Researchers at France’s ENS Paris1 and CNRS, in collaboration with Monash University in Australia, have discovered that the brain is capable of tracking sounds in its environment and favouring the most relevant sounds while we are asleep.
The study, published in Nature Human Behaviour, reveals that the brain has the ability to process and filter sounds while we are sleeping. This explains, for example, why when you snooze on the commute, you always seem to wake up right at your stop.
Previous studies have shown that certain sounds are perceived more easily during sleep. To wake someone up, for example, saying their first name has more impact than saying the name of another person. However, these studies focused on isolated sounds.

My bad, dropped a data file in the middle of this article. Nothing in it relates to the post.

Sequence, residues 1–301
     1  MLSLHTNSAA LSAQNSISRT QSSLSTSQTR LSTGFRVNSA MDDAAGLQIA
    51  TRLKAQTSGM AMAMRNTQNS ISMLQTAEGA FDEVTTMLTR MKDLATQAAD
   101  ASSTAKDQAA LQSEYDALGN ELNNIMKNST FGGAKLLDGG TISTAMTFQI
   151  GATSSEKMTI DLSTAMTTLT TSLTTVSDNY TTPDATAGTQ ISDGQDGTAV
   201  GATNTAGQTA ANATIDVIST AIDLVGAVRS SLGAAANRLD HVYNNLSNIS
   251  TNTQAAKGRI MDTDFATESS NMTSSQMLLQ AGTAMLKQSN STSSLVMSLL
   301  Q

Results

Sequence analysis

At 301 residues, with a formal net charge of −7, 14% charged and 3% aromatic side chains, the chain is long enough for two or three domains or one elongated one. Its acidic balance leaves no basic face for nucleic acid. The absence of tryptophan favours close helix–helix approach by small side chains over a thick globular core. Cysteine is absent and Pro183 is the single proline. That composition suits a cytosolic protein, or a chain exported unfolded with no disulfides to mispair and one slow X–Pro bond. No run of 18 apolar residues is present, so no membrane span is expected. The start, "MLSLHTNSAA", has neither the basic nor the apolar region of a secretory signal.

The authors of this new study decided to focus on the brain’s reaction to a multitude of sounds during sleep. This is more representative of reality, especially for city dwellers, who are exposed to a variety of sounds during their sleep.
In this study, 24 participants were exposed — during their sleep — to two voices with highly similar acoustic properties but saying radically different things. One was reading excerpts from films and articles, while the other pronounced a flow of words resembling language but devoid of meaning.
The scientists analyzed brain activity using a technique that can reconstruct what the sleepers hear. Based on their findings, the researchers were able to confirm that during light sleep, participants favoured the message that held meaning for them.